Whatever its form, whether a power loom or a typewriter, no new technology has ever won unambiguous and unalloyed praise in its time.
It has tended to polarize its users, spitting them into opposing camps of the enthusiasts, apologists, and critics.
If today, there are worries about the thought-fragmenting effects of the Internet, in the heyday of the electronic era, the television was perceived as an “idiot box,” often reviled by oppositionists for its brain-enfeebling power and its pernicious effects on the human mind.
But today, more than ever, there is agreement on the idea that technology is a life-enhancing force.
It’s regarded as indispensable, portable, entertaining, vital, interactive, deft, beauteous—but certainly not frightful. An iPhone, or a high-definition screen, or an ultrabook, do not (yet) fill us with a sense of foreboding.
But turn the clock back to the 1980s, to the twilight years of the analog age, when the scope of digital devices, at least, to those outside of the scientific and technological disciplines, meant clocks and calculators; when the cathode-ray tube was the centerpiece of the American living room; the Trimline telephone drew cachet, the Cold War was cooling off; and eco-consciousness hadn’t awakened.
“White Noise,” by Don DeLillo, a notable postmodern literary work, demonstrates how the technology of the time stirred contradictory emotions of awe, hope, confusion, gloom, and doom.
Jack Gladney, founder of the department of Hitler studies at the College-on-the-Hill, a scholar of immense renown, lives with his fifth wife, Babette, and their four kids and stepchildren in a calm Midwestern town, “not smack in the path of history and its contaminations.”
Babette, a woman of “careless dignity,” without “the guile for conspiracies of the body,” is one he takes complete joy in, deeply cherishing her as a soul mate and a domestic partner.
Far-removed from urban density and its allied anxieties, their lives are fulfilling, struggle-free, and unhurried, awash with brightly packaged consumer bounty from large supermarkets, with diagonal parking.
Like their neighbors, and their neighbor’s neighbors, they’re encircled by a dense matrix of “waves and radiation” emanating from the fluorescent screens, radios, microwaves, and radiators.
“For most people there are two places in the world: “where they live and their TV set.” The hold of the television over the lives of people and the human consciousness is total; its grip, python-like, tight and unrelenting.
An instrument of mass media, it’s both a reflector and refractor of mass culture that ignites latent desires, kindles passions, embeds cultural codes, and stokes deep-seated fears.
For a couple that believes in the power of corporations to manufacture fear and the television to amplify and disseminate it, they seem to be afflicted by the worst case of it. Jack and Babette harbor an existential secret.
“Who will die first?” is a question that makes Jack wake up in cold sweat at “odd-numbered hours” of the night and Babette forget things, but which neither confronts till an “airborne toxic event” intervenes.
In their relentless, silent ruminations about death, they imagine it to be an indeterminate state, bathed in “white noise,” which is a reference to the hotchpotch of broadcast waves—raw, nerve-grating, and uniform. Life is Technicolor. Death is white.
On a cold winter morning, the rupture of a train car carrying a deadly, déjà vu-inducing chemical effluent, releases a “black billowing cloud,” forcing the family to evacuate to safety.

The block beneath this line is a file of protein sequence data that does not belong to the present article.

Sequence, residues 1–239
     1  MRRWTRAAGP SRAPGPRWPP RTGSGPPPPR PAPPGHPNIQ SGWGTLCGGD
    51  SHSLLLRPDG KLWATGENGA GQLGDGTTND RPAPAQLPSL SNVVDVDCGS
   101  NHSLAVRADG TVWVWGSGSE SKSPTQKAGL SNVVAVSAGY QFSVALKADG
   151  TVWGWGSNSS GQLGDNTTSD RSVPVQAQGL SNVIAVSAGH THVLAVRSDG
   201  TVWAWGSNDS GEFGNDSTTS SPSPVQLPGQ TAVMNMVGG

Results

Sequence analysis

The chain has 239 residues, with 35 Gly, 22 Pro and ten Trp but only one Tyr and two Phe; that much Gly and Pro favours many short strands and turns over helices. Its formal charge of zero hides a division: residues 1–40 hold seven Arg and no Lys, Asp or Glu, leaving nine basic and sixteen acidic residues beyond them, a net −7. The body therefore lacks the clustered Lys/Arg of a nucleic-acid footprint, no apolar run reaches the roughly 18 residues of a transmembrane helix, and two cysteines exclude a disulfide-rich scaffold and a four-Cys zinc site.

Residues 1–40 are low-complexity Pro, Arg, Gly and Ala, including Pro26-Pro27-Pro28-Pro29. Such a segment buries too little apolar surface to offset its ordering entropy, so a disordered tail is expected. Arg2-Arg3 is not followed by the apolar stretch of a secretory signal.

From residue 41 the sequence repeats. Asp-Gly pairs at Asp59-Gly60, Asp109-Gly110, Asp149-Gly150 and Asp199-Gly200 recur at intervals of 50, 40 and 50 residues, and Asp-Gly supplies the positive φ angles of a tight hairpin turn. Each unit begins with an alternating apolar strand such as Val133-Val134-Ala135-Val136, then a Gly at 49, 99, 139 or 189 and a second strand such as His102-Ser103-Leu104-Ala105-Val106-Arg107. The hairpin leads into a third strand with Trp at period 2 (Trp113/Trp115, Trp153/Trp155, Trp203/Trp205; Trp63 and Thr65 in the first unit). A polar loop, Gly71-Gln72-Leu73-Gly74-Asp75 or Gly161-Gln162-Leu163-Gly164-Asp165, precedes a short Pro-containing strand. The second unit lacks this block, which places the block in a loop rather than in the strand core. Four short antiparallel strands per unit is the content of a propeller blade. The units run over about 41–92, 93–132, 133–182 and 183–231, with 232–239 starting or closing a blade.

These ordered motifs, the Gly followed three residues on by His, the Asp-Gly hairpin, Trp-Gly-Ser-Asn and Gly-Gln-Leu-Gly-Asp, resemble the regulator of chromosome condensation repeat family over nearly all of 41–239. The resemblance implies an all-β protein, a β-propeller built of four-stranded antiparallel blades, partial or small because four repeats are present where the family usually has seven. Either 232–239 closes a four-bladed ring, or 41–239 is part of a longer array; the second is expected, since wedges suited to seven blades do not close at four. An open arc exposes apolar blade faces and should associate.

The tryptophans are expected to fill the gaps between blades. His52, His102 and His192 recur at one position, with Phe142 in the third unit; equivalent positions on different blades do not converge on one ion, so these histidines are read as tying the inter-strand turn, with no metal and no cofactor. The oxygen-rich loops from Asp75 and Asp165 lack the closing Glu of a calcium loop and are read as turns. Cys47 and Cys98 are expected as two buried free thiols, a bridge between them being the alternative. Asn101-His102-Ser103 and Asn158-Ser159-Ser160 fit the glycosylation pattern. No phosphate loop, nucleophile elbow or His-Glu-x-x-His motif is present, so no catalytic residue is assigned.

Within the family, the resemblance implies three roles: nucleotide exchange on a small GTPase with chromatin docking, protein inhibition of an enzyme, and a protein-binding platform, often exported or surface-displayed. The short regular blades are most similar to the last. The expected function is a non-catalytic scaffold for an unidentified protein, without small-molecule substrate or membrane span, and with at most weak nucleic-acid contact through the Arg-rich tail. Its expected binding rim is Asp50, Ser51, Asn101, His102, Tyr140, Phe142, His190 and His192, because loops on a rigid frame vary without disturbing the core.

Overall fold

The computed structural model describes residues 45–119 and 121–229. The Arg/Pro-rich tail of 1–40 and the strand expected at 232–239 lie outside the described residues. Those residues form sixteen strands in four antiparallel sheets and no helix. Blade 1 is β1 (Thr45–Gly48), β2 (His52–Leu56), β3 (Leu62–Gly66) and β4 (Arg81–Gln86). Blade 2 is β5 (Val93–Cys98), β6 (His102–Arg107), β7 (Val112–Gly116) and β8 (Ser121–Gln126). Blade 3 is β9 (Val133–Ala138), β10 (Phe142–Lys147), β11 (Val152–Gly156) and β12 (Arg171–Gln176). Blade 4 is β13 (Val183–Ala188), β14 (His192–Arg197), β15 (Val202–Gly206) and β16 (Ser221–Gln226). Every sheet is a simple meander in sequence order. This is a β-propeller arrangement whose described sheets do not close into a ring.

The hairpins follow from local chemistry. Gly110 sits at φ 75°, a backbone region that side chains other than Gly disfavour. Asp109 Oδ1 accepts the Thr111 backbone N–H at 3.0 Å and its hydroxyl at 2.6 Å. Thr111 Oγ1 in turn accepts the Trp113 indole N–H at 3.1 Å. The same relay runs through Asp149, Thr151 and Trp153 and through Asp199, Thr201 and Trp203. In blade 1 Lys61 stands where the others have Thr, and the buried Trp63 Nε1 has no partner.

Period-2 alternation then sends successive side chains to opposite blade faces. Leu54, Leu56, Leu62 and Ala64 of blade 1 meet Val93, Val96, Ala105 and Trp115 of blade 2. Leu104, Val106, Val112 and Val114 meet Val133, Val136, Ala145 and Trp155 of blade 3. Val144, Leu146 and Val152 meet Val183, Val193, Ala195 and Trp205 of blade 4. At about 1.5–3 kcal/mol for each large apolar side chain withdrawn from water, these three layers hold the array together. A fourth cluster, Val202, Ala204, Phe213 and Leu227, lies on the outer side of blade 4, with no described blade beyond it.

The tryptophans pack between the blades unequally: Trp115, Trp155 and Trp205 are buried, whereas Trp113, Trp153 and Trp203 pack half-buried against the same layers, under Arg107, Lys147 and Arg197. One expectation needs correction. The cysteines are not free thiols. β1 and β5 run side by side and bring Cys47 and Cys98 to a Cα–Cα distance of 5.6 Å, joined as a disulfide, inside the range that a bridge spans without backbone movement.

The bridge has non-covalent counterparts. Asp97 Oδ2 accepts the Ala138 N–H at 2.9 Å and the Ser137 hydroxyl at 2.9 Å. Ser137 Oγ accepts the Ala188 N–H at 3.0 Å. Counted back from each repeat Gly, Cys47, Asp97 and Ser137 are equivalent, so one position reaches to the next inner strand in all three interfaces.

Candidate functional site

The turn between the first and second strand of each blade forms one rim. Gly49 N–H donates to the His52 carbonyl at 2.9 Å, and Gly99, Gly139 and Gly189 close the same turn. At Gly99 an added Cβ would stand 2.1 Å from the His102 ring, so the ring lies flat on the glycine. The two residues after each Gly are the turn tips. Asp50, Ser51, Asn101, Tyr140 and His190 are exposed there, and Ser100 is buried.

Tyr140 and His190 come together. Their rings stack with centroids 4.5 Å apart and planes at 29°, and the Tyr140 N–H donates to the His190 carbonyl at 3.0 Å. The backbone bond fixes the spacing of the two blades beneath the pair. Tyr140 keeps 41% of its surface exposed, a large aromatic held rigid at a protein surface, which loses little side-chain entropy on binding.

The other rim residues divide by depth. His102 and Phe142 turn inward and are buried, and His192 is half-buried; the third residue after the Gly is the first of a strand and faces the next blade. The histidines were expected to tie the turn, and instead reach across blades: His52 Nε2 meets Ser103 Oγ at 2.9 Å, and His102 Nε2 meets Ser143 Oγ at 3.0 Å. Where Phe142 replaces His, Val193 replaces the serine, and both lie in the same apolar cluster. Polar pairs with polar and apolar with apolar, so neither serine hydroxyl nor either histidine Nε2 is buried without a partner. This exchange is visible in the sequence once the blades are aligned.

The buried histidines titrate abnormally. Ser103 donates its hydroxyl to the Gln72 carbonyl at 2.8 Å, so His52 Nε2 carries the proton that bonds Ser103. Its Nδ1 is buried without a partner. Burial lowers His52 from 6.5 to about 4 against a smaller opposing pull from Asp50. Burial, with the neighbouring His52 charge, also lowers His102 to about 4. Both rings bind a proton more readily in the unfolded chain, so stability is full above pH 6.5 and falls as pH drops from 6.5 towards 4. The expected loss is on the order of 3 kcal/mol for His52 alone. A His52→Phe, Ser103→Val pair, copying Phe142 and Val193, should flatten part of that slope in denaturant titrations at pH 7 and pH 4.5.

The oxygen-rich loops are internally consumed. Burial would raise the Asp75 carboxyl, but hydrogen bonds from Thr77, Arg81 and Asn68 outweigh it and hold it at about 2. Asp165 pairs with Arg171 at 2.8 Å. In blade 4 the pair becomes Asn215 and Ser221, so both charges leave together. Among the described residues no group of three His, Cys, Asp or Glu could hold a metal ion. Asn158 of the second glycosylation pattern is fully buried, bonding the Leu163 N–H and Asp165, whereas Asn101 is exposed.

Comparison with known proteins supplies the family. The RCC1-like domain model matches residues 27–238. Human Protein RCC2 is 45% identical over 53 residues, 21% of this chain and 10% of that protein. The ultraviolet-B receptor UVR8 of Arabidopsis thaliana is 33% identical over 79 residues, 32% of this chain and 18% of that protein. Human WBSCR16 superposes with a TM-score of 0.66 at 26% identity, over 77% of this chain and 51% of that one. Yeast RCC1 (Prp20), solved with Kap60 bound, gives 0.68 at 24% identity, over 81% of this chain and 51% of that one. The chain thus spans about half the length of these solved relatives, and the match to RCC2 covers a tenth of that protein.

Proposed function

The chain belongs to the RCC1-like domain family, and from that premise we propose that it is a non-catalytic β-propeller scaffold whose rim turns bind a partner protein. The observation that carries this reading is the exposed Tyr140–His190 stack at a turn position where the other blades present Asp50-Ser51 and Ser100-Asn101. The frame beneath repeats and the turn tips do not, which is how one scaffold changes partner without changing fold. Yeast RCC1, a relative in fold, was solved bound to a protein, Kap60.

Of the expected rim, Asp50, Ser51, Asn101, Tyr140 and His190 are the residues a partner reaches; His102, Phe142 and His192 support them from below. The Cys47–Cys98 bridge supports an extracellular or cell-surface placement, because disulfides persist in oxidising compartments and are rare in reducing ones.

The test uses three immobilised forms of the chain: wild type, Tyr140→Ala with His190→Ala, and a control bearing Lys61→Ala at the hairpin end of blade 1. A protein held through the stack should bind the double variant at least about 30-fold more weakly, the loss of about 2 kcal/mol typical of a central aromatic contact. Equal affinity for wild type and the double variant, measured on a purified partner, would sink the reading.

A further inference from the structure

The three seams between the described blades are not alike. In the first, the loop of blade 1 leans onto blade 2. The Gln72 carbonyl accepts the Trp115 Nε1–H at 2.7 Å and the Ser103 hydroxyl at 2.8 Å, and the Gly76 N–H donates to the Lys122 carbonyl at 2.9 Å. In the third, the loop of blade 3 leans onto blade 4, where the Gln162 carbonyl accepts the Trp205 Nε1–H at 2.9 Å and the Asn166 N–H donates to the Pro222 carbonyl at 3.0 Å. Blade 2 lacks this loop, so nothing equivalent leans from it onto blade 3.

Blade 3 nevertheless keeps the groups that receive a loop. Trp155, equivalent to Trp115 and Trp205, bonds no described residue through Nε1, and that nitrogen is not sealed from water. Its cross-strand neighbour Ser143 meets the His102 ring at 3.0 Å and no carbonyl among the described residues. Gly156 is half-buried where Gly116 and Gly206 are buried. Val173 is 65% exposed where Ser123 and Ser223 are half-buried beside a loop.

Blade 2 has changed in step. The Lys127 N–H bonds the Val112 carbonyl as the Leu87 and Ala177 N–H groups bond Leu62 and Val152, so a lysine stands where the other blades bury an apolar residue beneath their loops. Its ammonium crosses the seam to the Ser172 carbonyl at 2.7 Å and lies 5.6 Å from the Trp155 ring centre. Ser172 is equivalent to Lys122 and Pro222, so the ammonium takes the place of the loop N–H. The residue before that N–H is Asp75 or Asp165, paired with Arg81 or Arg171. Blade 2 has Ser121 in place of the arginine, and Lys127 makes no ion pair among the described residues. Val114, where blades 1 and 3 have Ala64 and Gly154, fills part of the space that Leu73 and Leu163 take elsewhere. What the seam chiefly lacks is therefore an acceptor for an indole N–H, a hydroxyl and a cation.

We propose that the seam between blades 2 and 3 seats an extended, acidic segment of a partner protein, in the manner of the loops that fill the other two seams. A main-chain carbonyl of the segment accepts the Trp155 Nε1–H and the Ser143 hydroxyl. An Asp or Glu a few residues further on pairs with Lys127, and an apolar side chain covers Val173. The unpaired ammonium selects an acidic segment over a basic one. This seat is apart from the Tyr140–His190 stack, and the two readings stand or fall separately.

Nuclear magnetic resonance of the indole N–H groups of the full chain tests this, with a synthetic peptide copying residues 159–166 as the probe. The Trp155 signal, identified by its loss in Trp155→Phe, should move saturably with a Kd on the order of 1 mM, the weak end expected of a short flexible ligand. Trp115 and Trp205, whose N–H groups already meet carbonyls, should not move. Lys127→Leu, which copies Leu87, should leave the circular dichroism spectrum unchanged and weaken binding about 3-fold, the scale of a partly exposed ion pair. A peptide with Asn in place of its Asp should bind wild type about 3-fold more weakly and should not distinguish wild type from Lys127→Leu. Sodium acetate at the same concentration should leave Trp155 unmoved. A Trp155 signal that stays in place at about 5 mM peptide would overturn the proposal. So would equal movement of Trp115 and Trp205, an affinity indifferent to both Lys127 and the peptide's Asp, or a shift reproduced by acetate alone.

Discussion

A pit stop for gas exposes Jack to the noxious mass, moving across the sky “like a death ship in a Norse legend, escorted across the night by armored creatures with spiral wings.”
The encounter pries lose his dormant dread. He’s “tentatively scheduled to die,” he is callously told by a SIMUVAC (short for “simulation evacuation”) worker, on the basis of a computer’s diagnosis. “It won’t happen tomorrow, or the next day, but it is in the works.”
A knowledge that should have sounded as nothing more than obvious, instead, rattles his very core. But it also throws into the open a shattering truth, hitherto unknown to him.
His spouse, his pillar of strength, someone whom he hadn’t thought “might muse on death,” confesses to not only privately obsessing over it herself, but also having taken an unsavory route to rid herself of her dire “condition.”
Babette sees life in a tabloid ad that reads: “FEAR OF DEATH?” She signs up to be a test subject in a covert, if dubious, R&D project to develop a highly experimental “psychopharmaceutical” drug, code- named Dylar that would eradicate the fear of death.
In lieu for an uninterrupted supply of it, she offers her supplier, in a manner of “capitalist transaction,” her body. The little white “flying saucer-shaped” pills, with a “polymer membrane,” and a “laser-drilled hole,” sadly, don’t work.
Technology, DeLillo highlights, is a two-edged sword, a malaise and a panacea in one. “It creates an appetite for immortality on the one hand. It threatens universal extinction on the other.”
Jack’s colleague and friend Murray J. Siskind, a pop culture maven, is the voice of Socratic reason, who suggests an antidote to him. “You could put your faith in technology. It got you here, it can get you out,” he tells, paternalistically.
A despondent Jack, quivering with desperation like jelly on a saucer, is a believer in Dylar’s potency. He scavenges the kitchen garbage pail in hopes of finding even a single discarded tablet, but to no avail.
Driven to the edge, he ferrets out its dopey maker, shoots him in a shabby motel at the edge of town, gets himself shot in the process, and then, drives the injured pair to a nun-run clinical facility.
In the end, however, no one’s in control—but destiny.